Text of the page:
“If you want to build a ship, don’t drum up the men to gather wood, divide the work, and give orders. Instead, teach them to yearn for the vast and endless sea.” – Antoine de Saint-Exupéry

The product vision is one of the most important and highest-leverage tools for tech-powered product companies, especially for those trying to do product at scale, yet so many people and companies I meet have very fundamental confusions and misconceptions about the product vision.

There are two very common confusions:

Confusing Vision with Mission

Most people I meet, when they show me their “product vision,” what they are really showing me is their “mission statement.”  They are confusing a slogan about their purpose, with a product vision.

This problem is enabled because so many people fall for the trap of thinking there’s a simple fill-in-the-blanks framework, canvas or board that easily gives them what they need.

Now don’t get me wrong, there’s nothing inherently bad about having a pithy slogan, like “organize the world’s information” to describe your company’s mission.  The mission statement tries to make clear to anyone that might not know the purpose of the company, what that purpose is.

The problem is that this is not a product vision, and most importantly, it doesn’t address the needs of a product vision.

Having Each Product Team Create Their Own Vision

The other common confusion I see (and this is often combined with the first problem) is that each product team thinks they are supposed to create their own product vision.

This of course completely misses one of the key purposes of the product vision, which is to provide the common “north star” so that every product team, no matter what area they are working on, understands how their work contributes to the larger whole.

When each team has their own vision, it’s the equivalent of everyone picking out their own star from the sky, and calling it their “north star” and then heading in their own direction.

You might be thinking, well ok, some call it a product vision and some call it a mission statement, what difference does it really make?

The issue is not the terminology.  The issue is that empowered product teams have some very real needs that have to be addressed, if you want to have true empowerment, and a team of missionaries versus a team of mercenaries.  

And a mission statement simply doesn’t address these needs.

An inspiring and compelling product vision serves so many critical purposes that it is hard to think of a more important or higher-leverage product artifact:

  • A good product vision keeps us focused on the customer.
  • A good product vision serves as the North Star for the product organization so that we have a common understanding of what we are hoping to accomplish together.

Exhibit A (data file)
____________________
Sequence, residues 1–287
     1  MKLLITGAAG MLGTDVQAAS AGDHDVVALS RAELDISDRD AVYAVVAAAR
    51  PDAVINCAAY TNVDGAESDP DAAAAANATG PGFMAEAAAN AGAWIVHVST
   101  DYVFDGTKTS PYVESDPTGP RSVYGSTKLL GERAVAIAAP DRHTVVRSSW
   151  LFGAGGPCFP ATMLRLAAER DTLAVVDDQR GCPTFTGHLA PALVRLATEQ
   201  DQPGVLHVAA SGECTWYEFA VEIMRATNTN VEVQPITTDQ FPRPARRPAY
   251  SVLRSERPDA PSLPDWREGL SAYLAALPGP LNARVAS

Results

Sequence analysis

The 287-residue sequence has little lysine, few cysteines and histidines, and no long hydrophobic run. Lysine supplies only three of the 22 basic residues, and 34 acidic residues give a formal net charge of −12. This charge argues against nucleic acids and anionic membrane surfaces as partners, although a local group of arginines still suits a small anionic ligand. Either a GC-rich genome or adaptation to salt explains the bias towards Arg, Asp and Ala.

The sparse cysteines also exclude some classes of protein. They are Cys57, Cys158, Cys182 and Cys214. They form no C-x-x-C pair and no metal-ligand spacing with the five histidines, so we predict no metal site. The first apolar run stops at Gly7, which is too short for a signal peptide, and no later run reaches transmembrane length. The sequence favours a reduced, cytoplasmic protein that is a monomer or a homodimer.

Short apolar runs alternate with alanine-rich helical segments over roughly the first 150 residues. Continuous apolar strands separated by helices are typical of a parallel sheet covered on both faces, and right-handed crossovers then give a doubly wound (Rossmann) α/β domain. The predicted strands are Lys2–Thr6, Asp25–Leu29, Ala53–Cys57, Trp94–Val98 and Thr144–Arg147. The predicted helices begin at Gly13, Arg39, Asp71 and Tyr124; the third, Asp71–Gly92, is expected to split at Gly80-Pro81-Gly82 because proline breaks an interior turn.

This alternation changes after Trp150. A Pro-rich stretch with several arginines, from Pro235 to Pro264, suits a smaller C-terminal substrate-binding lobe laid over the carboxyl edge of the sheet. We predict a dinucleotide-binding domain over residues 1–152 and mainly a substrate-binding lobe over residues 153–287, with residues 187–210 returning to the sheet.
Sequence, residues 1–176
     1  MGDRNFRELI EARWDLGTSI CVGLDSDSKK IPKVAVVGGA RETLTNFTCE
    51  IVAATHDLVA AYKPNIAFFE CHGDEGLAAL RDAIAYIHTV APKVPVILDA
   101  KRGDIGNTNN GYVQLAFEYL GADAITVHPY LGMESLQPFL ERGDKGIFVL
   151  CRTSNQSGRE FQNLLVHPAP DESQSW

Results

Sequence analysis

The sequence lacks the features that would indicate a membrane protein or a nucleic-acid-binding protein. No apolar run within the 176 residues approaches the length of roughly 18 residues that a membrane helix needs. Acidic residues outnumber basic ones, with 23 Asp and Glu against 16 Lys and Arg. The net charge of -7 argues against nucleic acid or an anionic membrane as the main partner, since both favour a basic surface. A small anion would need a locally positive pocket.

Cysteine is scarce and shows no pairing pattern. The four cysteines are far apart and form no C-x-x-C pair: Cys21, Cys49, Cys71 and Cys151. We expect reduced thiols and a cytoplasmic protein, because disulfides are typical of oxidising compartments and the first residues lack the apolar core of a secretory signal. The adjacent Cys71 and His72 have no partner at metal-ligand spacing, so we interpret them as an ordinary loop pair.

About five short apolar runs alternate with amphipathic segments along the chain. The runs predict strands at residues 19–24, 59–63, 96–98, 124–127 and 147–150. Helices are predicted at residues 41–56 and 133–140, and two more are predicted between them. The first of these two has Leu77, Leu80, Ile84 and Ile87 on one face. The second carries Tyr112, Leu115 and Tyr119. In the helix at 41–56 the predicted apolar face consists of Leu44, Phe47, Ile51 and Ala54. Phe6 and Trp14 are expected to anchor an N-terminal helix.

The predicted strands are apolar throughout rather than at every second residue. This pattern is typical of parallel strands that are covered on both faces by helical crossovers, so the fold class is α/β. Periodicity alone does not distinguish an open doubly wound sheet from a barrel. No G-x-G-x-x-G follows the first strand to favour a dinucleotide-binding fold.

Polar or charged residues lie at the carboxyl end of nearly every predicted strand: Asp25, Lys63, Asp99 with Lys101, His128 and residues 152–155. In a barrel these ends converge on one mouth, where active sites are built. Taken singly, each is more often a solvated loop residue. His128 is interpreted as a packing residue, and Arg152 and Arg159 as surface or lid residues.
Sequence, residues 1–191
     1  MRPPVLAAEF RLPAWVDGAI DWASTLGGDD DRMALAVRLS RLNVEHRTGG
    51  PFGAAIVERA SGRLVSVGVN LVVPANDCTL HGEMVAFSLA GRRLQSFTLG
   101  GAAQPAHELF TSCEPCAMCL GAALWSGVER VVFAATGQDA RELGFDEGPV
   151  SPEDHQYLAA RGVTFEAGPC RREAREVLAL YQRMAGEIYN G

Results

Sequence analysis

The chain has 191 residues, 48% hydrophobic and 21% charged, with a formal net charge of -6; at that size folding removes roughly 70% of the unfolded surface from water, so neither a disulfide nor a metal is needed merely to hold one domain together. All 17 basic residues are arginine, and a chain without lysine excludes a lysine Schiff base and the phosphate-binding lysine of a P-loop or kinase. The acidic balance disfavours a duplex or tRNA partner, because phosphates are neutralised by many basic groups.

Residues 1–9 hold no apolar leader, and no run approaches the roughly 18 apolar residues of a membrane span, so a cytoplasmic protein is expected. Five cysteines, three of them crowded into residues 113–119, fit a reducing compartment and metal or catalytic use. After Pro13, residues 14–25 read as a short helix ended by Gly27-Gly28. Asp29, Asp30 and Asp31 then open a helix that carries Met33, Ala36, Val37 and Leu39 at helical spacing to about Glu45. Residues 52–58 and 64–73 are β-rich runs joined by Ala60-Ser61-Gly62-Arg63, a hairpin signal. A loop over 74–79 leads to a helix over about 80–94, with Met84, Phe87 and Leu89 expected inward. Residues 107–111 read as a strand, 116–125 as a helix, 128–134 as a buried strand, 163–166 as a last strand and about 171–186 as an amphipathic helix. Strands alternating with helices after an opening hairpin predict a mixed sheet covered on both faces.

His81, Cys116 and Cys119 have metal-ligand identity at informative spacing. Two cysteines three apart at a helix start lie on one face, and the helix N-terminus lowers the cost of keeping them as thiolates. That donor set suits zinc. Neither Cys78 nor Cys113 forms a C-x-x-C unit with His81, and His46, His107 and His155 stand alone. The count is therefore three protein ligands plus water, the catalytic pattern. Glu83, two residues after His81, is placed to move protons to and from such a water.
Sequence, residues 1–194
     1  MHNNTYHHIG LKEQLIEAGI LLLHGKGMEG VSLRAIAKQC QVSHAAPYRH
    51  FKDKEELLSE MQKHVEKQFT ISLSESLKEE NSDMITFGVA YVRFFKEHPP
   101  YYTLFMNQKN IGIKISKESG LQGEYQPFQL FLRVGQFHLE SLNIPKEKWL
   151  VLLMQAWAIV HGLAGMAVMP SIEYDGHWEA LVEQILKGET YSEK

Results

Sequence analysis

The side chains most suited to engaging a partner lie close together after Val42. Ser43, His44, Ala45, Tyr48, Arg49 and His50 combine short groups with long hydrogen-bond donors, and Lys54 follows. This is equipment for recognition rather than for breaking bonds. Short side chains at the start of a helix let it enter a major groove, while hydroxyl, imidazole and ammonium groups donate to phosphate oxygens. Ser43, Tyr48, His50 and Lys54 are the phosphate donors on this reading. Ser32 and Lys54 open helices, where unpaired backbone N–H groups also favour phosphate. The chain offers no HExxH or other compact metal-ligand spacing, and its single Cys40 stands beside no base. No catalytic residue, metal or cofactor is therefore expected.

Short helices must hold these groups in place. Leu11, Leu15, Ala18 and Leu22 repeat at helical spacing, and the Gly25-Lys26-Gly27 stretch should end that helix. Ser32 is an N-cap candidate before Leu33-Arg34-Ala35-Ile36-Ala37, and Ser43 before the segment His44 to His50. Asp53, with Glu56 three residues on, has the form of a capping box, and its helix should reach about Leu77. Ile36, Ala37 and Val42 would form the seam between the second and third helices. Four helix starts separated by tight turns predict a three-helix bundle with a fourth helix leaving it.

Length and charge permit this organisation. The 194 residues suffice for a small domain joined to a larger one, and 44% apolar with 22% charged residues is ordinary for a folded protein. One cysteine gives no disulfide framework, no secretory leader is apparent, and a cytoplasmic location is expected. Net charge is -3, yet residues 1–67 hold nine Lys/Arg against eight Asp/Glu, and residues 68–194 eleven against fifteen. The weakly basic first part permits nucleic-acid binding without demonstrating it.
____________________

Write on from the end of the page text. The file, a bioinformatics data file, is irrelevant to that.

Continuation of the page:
• A good product vision inspires ordinary people to create extraordinary products.
  • A good product vision shows us why this work is meaningful. A list of features on a roadmap is not meaningful. How you can positively impact the lives of users and customers is meaningful.
  • A good product vision illustrates how we plan to leverage relevant industry trends and technologies that we believe can help us solve problems for our customers in ways that are just now possible.

But wait; there’s more.  Beyond the direct benefits addressed above, we have several other indirect benefits:

  • A good product vision provides the engineering organization with enough clarity about what’s coming in the next several years so they can ensure they have in place an architecture that can serve the need.
  • The product vision is a primary driver of the team topology.
  • The product vision, combined with the annual company objectives, drives the product strategy.
  • A strong product vision serves as one of our most powerful recruiting tools for strong product people.
  • The product vision also serves as one of our most powerful evangelism tools to enlist the necessary help and support of colleagues from all across the company and beyond—ranging from senior executives, to investors, to sales, services and marketing staff.

I don’t think I can name a higher-leverage tool for a product organization.

Admittedly, a good product vision is a bit of an art form, as fundamentally it is a persuasion tool

However, it’s also important to not be too detailed or prescriptive, which runs the risk of product teams confusing the vision with a specification.

When done well, the product vision is compelling, inspiring, and empowering—leaving the product teams feeling excited to begin the hard work of making this vision a reality.

You can see several examples of what I’d consider strong product visions here.

Remember, the product vision needs to be persuasive.  It needs to inspire.  Have you ever been inspired by a canvas or board?  I know I haven’t.

This is why so many companies invest real energies into putting this product vision into a compelling medium.  Increasingly that’s a video of a visiontype, which is a special form of prototype.  They dramatize the user experience.  They show how our customer’s lives demonstrably and emotionally improve.  They make it visceral.

If you want to just rename your current vision as your mission statement that’s fine, just be sure you put in the work to create a true product vision.

Unless of course you’re a feature team organization, in which case I’m afraid none of this really matters, because mercenaries don’t need to be inspired, just paid.

UPDATE: I received several follow up questions to this post, so please see this Product Vision FAQ for more.

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